Bologna is not as imperious and debauched by power and history as Rome, not as aristocratically elegant as Florence, nor as ludicrously picturesque as Venice.
However, it has a unique character, kept lively by students attending the oldest university in Europe. And to distinguish itself from Pisa, Bologna has two crazily leaning medieval towers.
Italians call it La dotta or ‘The Learned’ and La grassa or ‘The Fat’ because of Bologna’s preoccupation with food — intense, even by Italian standards. It is also called La rossa or ‘The Red’: brick dominates the beautiful, arcaded old townscape as grey marble does in Florence. Then, there is the taste for communist politics which, in the Italian way, does nothing to discourage the production of Ferrari, Lamborghini, Maserati, Ducati and many luxury foods.
Buon appetito: Bologna is known as La grassa or ‘The Fat’ because of the city’s preoccupation with food
A hearty serving of traditional tagliatelle al ragu (file photo)
Spag bol is, however, as rare as Swiss roll in Switzerland. The ‘bolognese’ sauce is always known as ragu, enriched with chicken livers. And spaghetti is rarely the first choice of pasta to serve with it.
You will more likely be offered tagliatelle. But the typical Bolognese pasta is tortellini, made by hand in myriad little shops whose regular customers display tribal loyalties to their favoured source.
Wine is not a regional speciality: the flat Emilian plain with its hot and humid summers, and cold, damp winters is not good for grapes. But the better sorts of picnic Lambrusco, if served sufficiently cold, make fine companions to a marbled chunk of pink, fatty mortadella sausage and crusty pane di semola, or semolina bread.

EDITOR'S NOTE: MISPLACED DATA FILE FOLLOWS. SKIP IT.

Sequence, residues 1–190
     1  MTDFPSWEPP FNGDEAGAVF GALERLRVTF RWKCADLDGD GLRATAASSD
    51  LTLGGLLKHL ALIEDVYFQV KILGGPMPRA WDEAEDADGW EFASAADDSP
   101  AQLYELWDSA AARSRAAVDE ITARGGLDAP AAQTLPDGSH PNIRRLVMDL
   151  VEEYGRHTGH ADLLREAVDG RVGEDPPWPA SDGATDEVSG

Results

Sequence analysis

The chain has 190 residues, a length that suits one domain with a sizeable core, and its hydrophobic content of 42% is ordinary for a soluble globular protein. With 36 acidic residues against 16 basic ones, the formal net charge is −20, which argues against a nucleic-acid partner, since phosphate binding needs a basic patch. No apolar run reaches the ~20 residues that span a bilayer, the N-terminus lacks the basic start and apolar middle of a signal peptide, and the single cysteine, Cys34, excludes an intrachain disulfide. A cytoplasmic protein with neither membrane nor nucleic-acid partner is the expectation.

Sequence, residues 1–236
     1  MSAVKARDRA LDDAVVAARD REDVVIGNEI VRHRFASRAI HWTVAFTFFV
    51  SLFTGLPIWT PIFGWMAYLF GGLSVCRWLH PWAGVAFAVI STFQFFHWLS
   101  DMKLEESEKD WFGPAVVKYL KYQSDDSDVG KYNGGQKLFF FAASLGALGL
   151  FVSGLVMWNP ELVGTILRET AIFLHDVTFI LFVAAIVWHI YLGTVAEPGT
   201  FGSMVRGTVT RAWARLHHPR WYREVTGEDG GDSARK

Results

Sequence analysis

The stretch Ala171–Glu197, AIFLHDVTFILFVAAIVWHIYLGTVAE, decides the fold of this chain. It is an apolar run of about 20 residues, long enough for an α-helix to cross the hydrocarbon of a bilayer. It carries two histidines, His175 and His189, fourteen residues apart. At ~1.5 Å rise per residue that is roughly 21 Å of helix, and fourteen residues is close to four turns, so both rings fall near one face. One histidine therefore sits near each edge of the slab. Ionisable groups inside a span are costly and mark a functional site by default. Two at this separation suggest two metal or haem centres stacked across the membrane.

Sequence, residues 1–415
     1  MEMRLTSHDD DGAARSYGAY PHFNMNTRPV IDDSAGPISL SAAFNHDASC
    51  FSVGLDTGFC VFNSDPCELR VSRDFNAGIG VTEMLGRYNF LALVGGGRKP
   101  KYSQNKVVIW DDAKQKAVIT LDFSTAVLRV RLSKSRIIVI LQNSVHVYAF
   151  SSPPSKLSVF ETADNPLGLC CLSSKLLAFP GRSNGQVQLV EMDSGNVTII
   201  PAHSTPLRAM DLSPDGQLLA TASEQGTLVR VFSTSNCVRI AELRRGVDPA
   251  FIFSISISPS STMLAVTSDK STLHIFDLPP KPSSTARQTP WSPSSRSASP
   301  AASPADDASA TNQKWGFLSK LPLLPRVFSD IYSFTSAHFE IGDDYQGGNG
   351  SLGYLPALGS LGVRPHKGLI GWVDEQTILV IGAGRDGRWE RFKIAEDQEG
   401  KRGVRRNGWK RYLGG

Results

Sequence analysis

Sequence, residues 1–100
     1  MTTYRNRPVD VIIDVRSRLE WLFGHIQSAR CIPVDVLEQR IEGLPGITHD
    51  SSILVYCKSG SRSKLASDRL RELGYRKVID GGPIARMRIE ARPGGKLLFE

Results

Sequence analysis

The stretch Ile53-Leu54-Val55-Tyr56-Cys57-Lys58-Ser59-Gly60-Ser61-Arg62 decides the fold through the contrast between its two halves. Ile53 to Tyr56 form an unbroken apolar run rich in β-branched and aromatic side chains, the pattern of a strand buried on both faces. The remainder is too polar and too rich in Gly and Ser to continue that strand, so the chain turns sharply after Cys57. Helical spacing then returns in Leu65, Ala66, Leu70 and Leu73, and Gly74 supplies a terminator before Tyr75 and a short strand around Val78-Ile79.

Bologna is so synonymous with sausages, ‘baloney’ has entered English via America, although why precious salsiccie should be identified as rubbish is not clear.
While no great Italian city is without its treasures, Bologna’s art is nicely limited because its historical legacy is more from medicine and industry.
Although 75 miles from the coast at Rimini, its mascot is Giambologna’s god of the seas statue (whose trident was adapted for the Maserati badge). The giant, swaggering Neptune stands in his fountain not far from Piazza Maggiore, surrounded by lascivious sea nymphs.
To distinguish itself from Pisa, Bologna has two crazily leaning medieval towers – the ‘Due Torri’ (pictured)
The great modern artist of Bologna is Giorgio Morandi (1890-1964) whose contemplative tablescapes of jugs and pots reflect the city’s preoccupation with good food. In dramatic emotional contrast is the infamous Compianto of Niccolo dell’Arca in the church of Santa Maria della Vita. An absolute must-see, this dramatic assemblage of life-size figures attending the dead Christ is uniquely expressive and shockingly so. And, being terracotta, it is red.
Bologna’s historic centre is small and, since tourism is happily still at modest levels, the choice of central hotels is restricted.